Health organizations and planning groups are using a new detailed study that looks at health factors throughout San Diego County -- street by street.
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If you're looking for a good example of healthy living, you can start with Enrique Flores and his daughter, Eva.
Flores and his daughter ride their bicycles together two to three times a week. The duo starts at Rohr Park in Bonita and bikes their way around.
"I can spend more time with my dad," Eva said.
Flores said, "This park [here] is like a paradise for us."
However, not everyone has close access to improve health. A study called the Healthy Communities Atlas aims to change that.
The study, which is more than 80 pages long, looks at several factors, including:
-- physical activity and transportation -- injury prevention -- nutrition -- air quality
The study used census data and existing statistics to map the entire county.
*Click here to read the study.
The study shows about 30 different maps, each analyzing a different health-related factor. For example, one map shows which areas have access to parks, while another map shows which communities have access to walkable sidewalks. Both maps can be placed next to each other to find which areas don't have access to either.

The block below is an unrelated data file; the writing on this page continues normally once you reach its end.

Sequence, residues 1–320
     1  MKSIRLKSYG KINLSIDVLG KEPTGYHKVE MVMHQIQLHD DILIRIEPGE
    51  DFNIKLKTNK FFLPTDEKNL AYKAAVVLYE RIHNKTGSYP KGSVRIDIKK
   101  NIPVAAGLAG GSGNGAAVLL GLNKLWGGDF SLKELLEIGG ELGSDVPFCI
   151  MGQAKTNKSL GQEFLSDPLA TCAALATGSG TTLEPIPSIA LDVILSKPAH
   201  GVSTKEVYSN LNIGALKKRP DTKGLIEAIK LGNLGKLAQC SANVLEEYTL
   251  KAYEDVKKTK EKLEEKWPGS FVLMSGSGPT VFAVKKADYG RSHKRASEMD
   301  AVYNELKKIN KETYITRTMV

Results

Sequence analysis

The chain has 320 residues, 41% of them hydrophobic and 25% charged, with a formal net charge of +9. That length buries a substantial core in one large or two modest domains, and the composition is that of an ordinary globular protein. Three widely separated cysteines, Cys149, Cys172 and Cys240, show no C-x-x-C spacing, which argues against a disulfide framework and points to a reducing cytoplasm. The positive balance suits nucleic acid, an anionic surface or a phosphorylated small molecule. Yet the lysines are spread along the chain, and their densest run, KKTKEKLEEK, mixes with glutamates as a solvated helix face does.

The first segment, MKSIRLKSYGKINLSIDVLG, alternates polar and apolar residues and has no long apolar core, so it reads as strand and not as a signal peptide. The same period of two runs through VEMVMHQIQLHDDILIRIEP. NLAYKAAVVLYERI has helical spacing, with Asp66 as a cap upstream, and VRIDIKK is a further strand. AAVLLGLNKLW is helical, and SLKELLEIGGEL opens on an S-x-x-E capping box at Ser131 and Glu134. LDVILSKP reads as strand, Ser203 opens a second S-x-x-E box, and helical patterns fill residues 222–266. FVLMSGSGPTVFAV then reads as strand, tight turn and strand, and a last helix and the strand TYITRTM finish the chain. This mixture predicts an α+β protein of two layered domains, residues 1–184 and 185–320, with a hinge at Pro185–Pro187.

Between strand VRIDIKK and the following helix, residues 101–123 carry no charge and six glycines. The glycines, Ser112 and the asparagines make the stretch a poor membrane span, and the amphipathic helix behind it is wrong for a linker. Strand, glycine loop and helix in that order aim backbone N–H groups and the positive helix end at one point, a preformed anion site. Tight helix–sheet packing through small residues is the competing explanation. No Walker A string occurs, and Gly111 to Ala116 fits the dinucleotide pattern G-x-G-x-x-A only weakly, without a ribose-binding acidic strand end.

"What this is going to do is give us a guide for spending those dollars more effectively on programs that will really be beneficial," said San Diego County Supervisor Ron Roberts.
Roberts said the data still has not been analyzed to figure out the "most vulnerable communities," but he said county health and planning groups can use this information to work side by side.
"I like to work with the schools for the Safe Walks to Schools program. This gives us a better idea where there's holes, where the sidewalks may not exist," said Roberts.
The Flores family said anything to get San Diegans moving is a step in the right direction.
The study is part of the county's "Live Well San Diego!
" program, which is a 10-year strategy to improve health in the county.
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